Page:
It was a walk to the store; not anything more. But on the way home it changed. It changed into a walk in the rain. The only problem was that Stacy Woods and her sweet Megan, when it really began to rain hard, had to choose, because of their small umbrella, to either keep themselves somewhat dry or keep the groceries in the grocery cart dry. They realized that it couldn't be both. They tried a sharing thing and were actually laughing about stomping through puddles. As usual, with Stacy and Megan, they were trying to make the best of a dismal situation.
They had, by then in their lives, gotten fairly good at that. There was of course that Dan, who'd gotten Stacy pregnant and didn't hang around for anything, after he'd discovered that fact.
Stacy was good at self reliance, however. Life, her life in particular, had taught her that well enough. It had been a weak moment, when she got pregnant but she realized clearly enough that she wasn't sorry to see the back of Dan, the sweet talker.
Stacy wasn't one to put the blame on others for what might have gone awry in her life. She was clear headed that way, and from the earliest time she was determined that, since this baby was part of her creation, she was going to cherish and love it. It's the way she acted.
There was no family to help with the care. Her Momma had a stream of live-in boyfriends, both white and black and none of them amounted to much. Stacy was certainly leery of them, after she started to develop during her teen years and so, she was out and gone and on her own at an early age.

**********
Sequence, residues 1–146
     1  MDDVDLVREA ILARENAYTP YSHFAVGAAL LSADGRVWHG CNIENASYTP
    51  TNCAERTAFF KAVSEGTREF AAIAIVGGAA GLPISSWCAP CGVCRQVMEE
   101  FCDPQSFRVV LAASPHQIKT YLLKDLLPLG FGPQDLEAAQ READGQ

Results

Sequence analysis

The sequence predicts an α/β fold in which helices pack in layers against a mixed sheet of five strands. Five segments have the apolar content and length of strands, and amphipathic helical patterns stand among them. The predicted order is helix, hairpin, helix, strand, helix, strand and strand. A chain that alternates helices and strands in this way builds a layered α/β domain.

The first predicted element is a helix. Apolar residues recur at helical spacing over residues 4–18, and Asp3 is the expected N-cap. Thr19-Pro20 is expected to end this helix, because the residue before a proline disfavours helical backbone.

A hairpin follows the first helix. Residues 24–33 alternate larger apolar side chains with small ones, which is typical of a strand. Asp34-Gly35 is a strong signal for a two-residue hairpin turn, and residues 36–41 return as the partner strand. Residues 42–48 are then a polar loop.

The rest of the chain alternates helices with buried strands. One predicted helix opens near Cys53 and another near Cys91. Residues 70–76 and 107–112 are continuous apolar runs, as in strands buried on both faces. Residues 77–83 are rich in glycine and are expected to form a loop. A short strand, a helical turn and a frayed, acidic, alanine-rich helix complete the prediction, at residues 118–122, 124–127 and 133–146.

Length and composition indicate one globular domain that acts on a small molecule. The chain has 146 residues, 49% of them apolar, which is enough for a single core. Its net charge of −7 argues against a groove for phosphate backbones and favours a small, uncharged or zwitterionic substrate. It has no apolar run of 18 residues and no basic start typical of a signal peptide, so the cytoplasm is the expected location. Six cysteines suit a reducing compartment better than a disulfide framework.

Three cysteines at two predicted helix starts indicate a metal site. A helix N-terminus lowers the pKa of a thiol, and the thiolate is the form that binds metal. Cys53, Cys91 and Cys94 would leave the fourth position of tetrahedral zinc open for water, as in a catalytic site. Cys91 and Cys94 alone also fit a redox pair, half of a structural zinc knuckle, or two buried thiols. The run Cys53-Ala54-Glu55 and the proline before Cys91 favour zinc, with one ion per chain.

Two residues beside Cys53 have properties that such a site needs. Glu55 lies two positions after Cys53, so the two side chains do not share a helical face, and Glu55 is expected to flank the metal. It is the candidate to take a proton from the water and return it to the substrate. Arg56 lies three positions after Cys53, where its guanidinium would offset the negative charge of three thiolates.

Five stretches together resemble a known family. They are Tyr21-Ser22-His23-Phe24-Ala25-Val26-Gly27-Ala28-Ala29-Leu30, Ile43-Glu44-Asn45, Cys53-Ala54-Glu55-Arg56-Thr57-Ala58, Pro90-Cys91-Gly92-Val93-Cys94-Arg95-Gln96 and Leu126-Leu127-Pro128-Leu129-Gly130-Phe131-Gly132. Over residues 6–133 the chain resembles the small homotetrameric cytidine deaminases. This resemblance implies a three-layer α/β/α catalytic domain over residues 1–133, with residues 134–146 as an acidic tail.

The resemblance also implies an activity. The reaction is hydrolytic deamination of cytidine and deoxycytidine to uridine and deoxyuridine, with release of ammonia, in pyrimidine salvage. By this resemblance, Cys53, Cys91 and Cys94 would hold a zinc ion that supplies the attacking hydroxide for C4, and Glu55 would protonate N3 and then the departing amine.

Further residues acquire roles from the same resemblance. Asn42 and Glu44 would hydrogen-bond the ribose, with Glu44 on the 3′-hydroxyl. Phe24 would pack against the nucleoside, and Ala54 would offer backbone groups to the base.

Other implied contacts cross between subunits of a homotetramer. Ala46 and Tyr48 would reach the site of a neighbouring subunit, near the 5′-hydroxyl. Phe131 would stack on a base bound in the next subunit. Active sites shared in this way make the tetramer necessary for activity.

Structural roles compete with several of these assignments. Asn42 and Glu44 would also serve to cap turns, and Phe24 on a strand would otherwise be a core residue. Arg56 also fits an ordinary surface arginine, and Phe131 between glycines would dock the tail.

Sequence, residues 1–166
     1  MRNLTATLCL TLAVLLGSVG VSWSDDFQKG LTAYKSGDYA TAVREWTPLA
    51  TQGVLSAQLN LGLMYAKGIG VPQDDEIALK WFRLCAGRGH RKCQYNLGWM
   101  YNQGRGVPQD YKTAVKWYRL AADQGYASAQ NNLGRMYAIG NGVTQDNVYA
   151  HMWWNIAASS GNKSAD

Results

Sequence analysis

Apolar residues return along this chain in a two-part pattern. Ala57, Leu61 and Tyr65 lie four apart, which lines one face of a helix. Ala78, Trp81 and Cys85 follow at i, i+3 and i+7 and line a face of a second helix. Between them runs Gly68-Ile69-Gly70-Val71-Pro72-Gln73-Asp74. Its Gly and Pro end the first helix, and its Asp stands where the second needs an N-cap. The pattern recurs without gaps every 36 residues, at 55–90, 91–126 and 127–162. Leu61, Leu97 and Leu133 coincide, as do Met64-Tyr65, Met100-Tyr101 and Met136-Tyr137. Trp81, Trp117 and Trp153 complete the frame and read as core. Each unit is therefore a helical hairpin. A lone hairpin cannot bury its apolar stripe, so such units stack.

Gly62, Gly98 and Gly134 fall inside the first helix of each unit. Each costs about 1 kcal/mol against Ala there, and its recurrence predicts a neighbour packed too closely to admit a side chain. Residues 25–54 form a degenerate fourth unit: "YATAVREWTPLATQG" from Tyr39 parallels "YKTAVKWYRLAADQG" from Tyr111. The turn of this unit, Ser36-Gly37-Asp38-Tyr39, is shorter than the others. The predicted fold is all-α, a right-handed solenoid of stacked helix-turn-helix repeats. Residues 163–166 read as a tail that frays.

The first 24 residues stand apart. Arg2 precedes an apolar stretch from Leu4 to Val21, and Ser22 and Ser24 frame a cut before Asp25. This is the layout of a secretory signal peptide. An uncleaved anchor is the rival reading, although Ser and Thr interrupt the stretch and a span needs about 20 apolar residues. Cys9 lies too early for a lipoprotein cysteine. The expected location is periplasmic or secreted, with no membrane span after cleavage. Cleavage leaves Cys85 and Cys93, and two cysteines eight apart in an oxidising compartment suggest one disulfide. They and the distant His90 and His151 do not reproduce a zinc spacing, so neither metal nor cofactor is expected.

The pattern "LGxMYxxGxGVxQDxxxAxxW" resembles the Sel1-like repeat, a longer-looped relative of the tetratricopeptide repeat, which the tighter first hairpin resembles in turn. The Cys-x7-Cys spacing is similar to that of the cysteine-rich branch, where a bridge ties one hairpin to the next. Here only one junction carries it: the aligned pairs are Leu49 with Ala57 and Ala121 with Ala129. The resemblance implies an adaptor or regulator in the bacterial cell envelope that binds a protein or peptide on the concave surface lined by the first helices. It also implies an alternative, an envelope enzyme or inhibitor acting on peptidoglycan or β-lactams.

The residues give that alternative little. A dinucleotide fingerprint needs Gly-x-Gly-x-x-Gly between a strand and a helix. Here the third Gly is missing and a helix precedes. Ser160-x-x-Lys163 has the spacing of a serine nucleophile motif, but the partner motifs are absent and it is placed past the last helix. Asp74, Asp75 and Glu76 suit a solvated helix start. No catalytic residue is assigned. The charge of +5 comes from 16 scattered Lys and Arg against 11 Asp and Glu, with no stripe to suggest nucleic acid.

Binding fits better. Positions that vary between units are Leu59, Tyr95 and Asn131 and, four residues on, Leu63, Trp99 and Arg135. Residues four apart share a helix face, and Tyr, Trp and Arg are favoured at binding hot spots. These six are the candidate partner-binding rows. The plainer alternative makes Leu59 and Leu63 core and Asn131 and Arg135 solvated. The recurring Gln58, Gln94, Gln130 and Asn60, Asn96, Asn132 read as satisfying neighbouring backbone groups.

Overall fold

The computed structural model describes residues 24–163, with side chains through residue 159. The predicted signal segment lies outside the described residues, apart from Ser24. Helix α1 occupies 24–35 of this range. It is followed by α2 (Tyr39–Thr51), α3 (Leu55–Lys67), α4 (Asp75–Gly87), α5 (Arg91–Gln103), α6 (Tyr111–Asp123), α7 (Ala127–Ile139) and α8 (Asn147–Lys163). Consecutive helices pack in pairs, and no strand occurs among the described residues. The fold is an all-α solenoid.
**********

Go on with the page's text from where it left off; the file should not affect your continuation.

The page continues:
She knew only that her Momma had died, the drink finally taking her, and was one of the few at the funeral. Not even the current candidate for 'step father', named Ralph was around anymore. There was nothing left in the apartment of any particular use; Ralph had seen to that before decamping.
But Stacy was self-reliant, certainly that. The problems of her life taught her that much. Her one real 'mistake' turned out to be the light in her life because, due to her one tryst with that Dan, she now had her Megan.
Stacy got through the birthing just fine, she was physically strong and rounded up the help that she needed to get herself established.
She settled down, on welfare now, but promising herself to be free of that as soon as possible. It was a personal promise that she kept to herself, and now to her Megan. It's the way that Stacy was.
Stacy took 'on-line' courses, during those early years of Megan's life. They helped her get a job and things started to go a little more her way.
As Megan grew and began to turn into the lovely little girl that she was, she became the boon companion of her Momma, Stacy.
The job was not much and they both, after a discussion, that included a good deal of laughter and fooling with each other, they decided to go out of their way and move. Their decision was aided by the collapse of the company where Stacy was working. So, a move it would be.
The object was to move to a larger city where opportunities might be better. It's what they did.